Ultimately, it seems the best diet is one you can stick to. Of course, this is assuming it is safe and doesn’t cut out major nutrients from your diet. This may be true particularly if you are someone who would find it easier to be strict on certain days and slightly more relaxed on others, this could be for you.
Consistency is key on any diet.
So if you do join the intermittent fasting trend I would strongly advise to make sure you’re prepared to stick with it for the long term.
Ultimately, intermittent fasting achieves the same as other diets on the market. Intermittent fasting might be a useful method for dieting if it works for you. The concern would be not many diets show long term success and this may well fall into that category. Time will tell.
It is comparable to continuous calorie restriction in terms of weight loss and health outcomes. Those that struggle to regularly control their intake and would rather set aside specific times of reduced eating might benefit from this.
If taking medication it is wise to speak with your healthcare team before significantly reducing your calories on certain days to prevent ill effects.
However, as it stands, the claims of intermittent fasting being superior for your health are not founded.
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Could Intermittent Energy Restriction and Intermittent Fasting Reduce Rates of Cancer in Obese, Overweight, and Normal-Weight Subjects? A Summary of Evidence. https://pubmed.ncbi.nlm.nih.gov/27422504/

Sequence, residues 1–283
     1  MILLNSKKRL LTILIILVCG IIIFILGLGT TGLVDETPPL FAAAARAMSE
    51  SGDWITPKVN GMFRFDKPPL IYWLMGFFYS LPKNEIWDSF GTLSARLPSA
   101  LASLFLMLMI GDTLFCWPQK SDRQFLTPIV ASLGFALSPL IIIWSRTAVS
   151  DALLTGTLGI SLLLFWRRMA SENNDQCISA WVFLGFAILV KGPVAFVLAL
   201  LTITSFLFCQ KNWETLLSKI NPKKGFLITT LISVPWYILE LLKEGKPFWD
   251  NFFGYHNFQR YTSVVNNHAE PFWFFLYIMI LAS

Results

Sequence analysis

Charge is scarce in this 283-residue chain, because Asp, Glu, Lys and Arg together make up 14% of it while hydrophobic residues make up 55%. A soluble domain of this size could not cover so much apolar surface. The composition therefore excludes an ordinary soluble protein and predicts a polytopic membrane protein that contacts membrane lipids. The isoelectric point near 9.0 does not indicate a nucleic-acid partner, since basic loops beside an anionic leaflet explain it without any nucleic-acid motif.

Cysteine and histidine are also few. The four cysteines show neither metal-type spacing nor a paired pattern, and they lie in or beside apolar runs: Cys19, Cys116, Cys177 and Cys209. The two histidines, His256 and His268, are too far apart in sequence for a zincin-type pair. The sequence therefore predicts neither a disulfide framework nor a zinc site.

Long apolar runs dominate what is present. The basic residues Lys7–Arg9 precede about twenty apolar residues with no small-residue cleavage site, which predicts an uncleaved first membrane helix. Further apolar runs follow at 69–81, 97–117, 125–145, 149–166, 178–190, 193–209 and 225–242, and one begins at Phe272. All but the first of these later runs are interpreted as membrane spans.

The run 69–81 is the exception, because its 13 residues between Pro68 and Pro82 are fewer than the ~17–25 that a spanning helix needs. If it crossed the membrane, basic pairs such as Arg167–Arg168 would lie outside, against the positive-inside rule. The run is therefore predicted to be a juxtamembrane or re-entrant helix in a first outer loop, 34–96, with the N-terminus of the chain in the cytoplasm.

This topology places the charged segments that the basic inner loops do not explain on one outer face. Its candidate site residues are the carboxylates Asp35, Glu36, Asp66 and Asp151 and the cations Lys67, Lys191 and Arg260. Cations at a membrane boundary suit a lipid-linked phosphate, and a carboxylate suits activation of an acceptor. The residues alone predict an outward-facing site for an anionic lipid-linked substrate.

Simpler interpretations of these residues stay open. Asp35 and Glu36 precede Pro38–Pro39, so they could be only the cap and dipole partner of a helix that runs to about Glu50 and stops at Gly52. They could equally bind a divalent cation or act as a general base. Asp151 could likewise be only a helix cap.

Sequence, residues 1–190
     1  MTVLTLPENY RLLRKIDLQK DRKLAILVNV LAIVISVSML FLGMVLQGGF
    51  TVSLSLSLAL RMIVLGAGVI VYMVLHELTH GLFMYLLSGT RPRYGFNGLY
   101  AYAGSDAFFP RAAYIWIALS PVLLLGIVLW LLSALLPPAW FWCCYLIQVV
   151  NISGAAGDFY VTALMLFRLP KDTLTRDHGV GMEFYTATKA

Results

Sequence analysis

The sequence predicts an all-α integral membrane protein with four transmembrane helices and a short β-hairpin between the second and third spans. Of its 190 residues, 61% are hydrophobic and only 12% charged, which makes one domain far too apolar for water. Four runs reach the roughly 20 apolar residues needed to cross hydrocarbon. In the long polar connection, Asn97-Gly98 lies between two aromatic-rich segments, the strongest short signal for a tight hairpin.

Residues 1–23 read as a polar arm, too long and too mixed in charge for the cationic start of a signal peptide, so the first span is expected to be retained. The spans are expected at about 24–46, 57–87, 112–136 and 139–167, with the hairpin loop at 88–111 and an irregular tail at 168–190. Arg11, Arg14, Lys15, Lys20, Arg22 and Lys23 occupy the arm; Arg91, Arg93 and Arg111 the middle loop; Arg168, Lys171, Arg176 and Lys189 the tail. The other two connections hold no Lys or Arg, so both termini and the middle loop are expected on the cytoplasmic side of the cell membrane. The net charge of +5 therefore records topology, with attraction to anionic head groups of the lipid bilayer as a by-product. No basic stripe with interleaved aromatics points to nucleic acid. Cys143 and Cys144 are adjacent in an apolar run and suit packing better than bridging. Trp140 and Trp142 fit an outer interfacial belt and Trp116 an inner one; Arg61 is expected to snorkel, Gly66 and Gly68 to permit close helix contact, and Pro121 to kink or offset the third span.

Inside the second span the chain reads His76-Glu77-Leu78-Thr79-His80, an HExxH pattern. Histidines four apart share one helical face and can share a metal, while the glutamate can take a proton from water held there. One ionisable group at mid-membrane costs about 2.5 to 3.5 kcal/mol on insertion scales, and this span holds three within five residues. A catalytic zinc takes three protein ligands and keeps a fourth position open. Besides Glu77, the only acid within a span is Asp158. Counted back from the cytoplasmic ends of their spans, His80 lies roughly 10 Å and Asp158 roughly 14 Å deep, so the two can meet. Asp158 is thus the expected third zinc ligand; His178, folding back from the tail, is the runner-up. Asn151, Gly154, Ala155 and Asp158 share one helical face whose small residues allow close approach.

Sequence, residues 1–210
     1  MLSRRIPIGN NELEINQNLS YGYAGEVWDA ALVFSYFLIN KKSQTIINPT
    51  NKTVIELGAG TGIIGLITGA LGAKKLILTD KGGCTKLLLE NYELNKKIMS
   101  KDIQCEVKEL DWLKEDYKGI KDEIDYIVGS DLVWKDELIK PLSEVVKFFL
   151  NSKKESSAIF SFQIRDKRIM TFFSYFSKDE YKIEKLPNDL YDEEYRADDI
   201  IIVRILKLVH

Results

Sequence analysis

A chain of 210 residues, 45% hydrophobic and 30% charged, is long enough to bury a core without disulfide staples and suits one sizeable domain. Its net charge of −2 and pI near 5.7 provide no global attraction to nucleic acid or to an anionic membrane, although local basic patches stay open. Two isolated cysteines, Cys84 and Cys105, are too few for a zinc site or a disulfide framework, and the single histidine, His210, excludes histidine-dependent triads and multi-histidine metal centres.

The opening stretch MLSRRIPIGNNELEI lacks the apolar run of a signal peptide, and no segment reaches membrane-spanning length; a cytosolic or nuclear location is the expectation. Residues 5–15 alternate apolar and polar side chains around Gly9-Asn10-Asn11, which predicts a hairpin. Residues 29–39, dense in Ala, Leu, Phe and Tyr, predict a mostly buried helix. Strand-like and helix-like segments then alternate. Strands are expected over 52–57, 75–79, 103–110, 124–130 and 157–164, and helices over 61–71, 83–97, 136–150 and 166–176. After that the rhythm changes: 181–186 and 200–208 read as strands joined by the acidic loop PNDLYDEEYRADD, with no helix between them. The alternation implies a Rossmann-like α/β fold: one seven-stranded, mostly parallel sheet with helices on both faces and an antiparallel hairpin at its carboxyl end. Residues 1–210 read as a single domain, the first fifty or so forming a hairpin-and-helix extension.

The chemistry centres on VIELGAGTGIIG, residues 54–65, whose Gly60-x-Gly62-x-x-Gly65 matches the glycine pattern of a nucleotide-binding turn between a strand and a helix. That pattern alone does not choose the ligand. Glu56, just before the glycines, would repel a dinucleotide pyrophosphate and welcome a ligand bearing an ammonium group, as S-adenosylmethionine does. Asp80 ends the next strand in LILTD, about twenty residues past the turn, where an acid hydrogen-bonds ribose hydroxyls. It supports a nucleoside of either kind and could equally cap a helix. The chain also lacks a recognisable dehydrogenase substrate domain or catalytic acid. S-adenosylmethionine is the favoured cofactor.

Dietary Interventions for the Prevention of Type 2 Diabetes in High-Risk Groups: Current State of Evidence and Future Research Needs. https://pubmed.ncbi.nlm.nih.gov/30200572/
Effects of eight weeks of time?restricted feeding (16/8) on basal metabolism, maximal strength, body composition, inflammation, and cardiovascular risk factors in resistance?trained males. https://translational-medicine.biomedcentral.com/articles/10.1186/s12967-016-1044-0
Effect of intermittent compared to continuous energy restriction on weight loss and weight maintenance after 12 months in healthy overweight or obese adults. https://pubmed.ncbi.nlm.nih.gov/30470804/
The effects of intermittent compared to continuous energy restriction on glycaemic control in type 2 diabetes; a pragmatic pilot trial. https://pubmed.ncbi.nlm.nih.gov/27833048/
Effect of intermittent versus continuous energy restriction on weight loss, maintenance and cardiometabolic risk: A randomized 1-year trial. https://pubmed.ncbi.nlm.nih.gov/29778565/
Effectiveness of Intermittent Fasting and Time-Restricted Feeding Compared to Continuous Energy Restriction for Weight Loss. https://pubmed.ncbi.nlm.nih.gov/31614992/
Intermittent energy restriction in type 2 diabetes: A short discussion of medication management https://www.ncbi.nlm.nih.gov/pmc/articles/PMC5155237/
Intermittent fasting and human metabolic health. https://www.ncbi.nlm.nih.gov/pmc/articles/PMC4516560/
Intermittent v. continuous energy restriction: differential effects on postprandial glucose and lipid metabolism following matched weight loss in overweight/obese participants. https://pubmed.ncbi.nlm.nih.gov/29508693/
Intermittent fasting in Type 2 diabetes mellitus and the risk of hypoglycaemia: a randomized controlled trial. https://onlinelibrary.wiley.com/doi/abs/10.1111/dme.13595
Metabolic Effects of Intermittent Fasting. https://www.annualreviews.org/doi/full/10.1146/annurev-nutr-071816-064634
Therapeutic use of intermittent fasting for people with type 2 diabetes as an alternative to insulin. https://casereports.bmj.com/content/2018/bcr-2017-221854